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    Lachlan Swamp will close on days above 36C to minimise disturbance to the Flying Foxes. There will be no access to visitors.

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Creating the labyrinth

Plans of the Centennial Park Labyrinth

The Centennial Park Labyrinth is the story of a true partnership between Centennial Parklands and the community.

The following information provides the background behind this fascinating project.


Centennial Parklands approved the design, location and installation of Sydney's first public sandstone labyrinth in Centennial Park in December 2013. The Centennial Park Labyrinth was made possible by the project's founding benefactor, Emily Simpson, who worked tirelessly and actively, in cooperation with the Centennial Parklands Foundation, to raise over $500,000 to fund this unique structure.

To support the project, Centennial Parklands committed funding and in-kind support to the project management and delivery of the labyrinth.




The design and setting of the Centennial Park Labyrinth is sympathetic to the landscape and character of the Parklands. It creates a tranquil, contemplative location for park visitors while maintaining a non-denominational and cross-cultural asset for visitors to learn and enjoy.

The labyrinth was designed as an 11-circuit sandstone labyrinth, based on the design of the medieval labyrinth in Chartres Cathedral in France, which dates from the early 13th century.

The Labyrinth is approximately 18 metres in diameter, with a 2.5 metre wide border to provide hard-surface standing space around the labyrinth walk area. The border will also provide an aesthetic element to the design. To maximise its safety and durability, the Labyrinth has been built with the highest quality materials including two contrasting coloured Australian stones.

Construction period

Centennial Parklands oversaw the project team which included highly qualified architects and builders to ensure it is of the highest aesthetic and structural quality.

The initial phase of the project included the construction of a prototype to test the tolerances of the computerised system used for cutting each of the stone paving elements. The prototype will be a 2m x 3m section of the paving proposed to be used on the Labyrinth.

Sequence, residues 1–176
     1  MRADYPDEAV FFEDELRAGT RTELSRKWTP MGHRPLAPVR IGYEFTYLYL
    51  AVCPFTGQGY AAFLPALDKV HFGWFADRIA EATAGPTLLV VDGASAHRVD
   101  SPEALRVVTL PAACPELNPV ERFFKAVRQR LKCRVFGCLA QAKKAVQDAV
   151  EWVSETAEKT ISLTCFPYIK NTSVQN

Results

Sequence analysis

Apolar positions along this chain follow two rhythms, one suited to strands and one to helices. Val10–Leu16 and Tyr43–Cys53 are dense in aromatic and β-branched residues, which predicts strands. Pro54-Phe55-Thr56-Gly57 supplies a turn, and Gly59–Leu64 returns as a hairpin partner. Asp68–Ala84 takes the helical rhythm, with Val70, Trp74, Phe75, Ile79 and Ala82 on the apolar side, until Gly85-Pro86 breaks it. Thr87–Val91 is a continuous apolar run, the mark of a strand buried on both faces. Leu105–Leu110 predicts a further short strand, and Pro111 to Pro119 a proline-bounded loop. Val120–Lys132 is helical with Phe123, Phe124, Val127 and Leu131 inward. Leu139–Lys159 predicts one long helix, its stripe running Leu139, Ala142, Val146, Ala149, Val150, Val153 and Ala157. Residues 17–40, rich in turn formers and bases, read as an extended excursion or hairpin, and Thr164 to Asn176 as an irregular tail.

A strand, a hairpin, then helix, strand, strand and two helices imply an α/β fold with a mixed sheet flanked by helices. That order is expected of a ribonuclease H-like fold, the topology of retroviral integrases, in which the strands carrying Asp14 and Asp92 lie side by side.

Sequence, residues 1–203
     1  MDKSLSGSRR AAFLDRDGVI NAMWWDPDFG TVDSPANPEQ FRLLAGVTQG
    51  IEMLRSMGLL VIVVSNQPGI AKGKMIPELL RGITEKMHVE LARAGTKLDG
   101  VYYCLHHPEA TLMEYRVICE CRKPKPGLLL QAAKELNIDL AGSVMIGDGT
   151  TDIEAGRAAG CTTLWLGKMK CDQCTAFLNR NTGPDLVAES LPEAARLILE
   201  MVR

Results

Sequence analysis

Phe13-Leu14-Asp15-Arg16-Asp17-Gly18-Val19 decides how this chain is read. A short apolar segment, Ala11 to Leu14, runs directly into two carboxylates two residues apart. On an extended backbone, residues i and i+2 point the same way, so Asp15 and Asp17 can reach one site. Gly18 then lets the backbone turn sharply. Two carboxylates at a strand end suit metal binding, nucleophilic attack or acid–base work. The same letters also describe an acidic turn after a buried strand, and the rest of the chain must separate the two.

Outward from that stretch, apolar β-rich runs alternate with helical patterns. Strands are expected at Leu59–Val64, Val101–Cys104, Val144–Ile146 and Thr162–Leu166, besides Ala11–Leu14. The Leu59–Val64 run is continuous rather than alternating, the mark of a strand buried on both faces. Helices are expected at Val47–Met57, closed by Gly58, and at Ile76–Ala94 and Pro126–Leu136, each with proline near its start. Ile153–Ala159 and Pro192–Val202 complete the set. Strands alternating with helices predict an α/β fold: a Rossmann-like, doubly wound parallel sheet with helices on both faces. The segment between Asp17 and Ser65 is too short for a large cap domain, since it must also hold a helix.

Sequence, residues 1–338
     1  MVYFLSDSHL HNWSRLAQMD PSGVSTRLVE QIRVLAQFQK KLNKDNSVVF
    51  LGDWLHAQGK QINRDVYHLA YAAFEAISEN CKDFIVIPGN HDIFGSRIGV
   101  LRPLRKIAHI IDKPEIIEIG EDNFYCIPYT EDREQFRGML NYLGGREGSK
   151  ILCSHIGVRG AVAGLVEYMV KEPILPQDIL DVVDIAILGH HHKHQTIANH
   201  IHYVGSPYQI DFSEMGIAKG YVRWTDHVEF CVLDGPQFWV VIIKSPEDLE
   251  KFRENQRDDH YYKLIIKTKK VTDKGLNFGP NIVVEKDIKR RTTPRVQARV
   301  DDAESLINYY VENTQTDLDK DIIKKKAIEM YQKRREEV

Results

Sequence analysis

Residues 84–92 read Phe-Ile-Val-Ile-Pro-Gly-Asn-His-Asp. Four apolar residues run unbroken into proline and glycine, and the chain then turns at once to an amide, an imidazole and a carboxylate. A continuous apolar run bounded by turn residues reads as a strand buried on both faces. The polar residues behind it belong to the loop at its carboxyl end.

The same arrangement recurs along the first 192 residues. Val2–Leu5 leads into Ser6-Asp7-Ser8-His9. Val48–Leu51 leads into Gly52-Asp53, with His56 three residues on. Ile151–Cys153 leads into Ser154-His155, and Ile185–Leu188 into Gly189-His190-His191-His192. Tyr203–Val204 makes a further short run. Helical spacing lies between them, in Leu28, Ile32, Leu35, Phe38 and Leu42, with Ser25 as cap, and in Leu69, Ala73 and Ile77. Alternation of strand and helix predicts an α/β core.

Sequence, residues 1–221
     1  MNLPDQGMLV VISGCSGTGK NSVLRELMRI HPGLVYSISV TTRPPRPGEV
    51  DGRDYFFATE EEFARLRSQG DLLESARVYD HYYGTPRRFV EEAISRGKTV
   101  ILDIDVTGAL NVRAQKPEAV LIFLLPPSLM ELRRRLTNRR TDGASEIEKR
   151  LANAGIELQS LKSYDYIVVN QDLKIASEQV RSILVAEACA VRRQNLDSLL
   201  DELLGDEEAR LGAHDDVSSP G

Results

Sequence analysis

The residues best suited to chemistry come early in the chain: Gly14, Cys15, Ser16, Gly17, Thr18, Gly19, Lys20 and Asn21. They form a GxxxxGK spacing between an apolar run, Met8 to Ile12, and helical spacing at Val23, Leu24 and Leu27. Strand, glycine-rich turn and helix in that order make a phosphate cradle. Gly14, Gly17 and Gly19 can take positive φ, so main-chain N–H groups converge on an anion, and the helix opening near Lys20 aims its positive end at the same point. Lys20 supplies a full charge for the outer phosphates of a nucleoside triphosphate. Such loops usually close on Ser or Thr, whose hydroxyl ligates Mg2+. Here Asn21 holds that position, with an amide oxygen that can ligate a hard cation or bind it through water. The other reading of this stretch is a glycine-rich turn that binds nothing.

This process entailed the pouring of a concrete bed onto samples of each of the stone pavers, which were intricately cut by computer to shape. Once they were laid, the adequacy of the proposed 3mm joints (between the pavers) were tested to ensure the assembly of the overall pattern comes together as intended. 

A "sod turning" ceremony was celebrated in February 2014 to mark the start of works, with the construction site established shortly after. Construction took five months of patient work with over 1,500 individual pieces of stone required perfect alignment.

Works were completed in mid-August 2014.

A time lapse video of the construction period.



The sod-turning event was held on 5 February 2014, with a mock labyrinth painted on the location of the coming labyrinth. This photo demonstrates one of the challenges of construction - working with the slope of the land.



Parklands Executive Director, Kim Ellis with project founding benefactor, Emily Simpson and Centennial Parklands Foundation Chair, Sarah Whyte turn the first sod of the Centennial Park Labyrinth.


The labyrinth work site

The construction work site is adjacent Lachlan Swamp in Centennial Park



The concrete base being poured (March 2014).


Labyrinth slab laid - 9 April 2014

The concrete slab completed (April 2014).


ABC Compass

ABC Compass followed and documented this fascinating project.


Centre stones are pieced together

The intricately pieced together centre stones in place (April 2014).


Close up of the labyrinth construction - May 2014

The piecing together of more than 1,500 pieces of individually cut stone progressed quickly with good weather (May 2014).


19 June 2014 - Centennial Park Labyrinth

70% of stone had been laid by June 2014.


Centennial Park Labyrinth under construction (August 2014)

Aerial image of the labyrinth (August 2014).

Labyrinth finished 

While works had been completed, the fences stayed up for four weeks to allow the grass around the labyrinth to seed (August 2014).

Opening of the Centennial Park Labyrinth

The Centennial Park Labyrinth was officially opened on Monday 15 September 2014 by Her Excellency Professor the Honourable Dame Marie Bashir AD CVO, Governor of NSW. Here are some photos from the day via the Centennial Parklands Facebook page:




Further information

To know more about this project, please call the Parklands Office on (02) 9339 6699 or email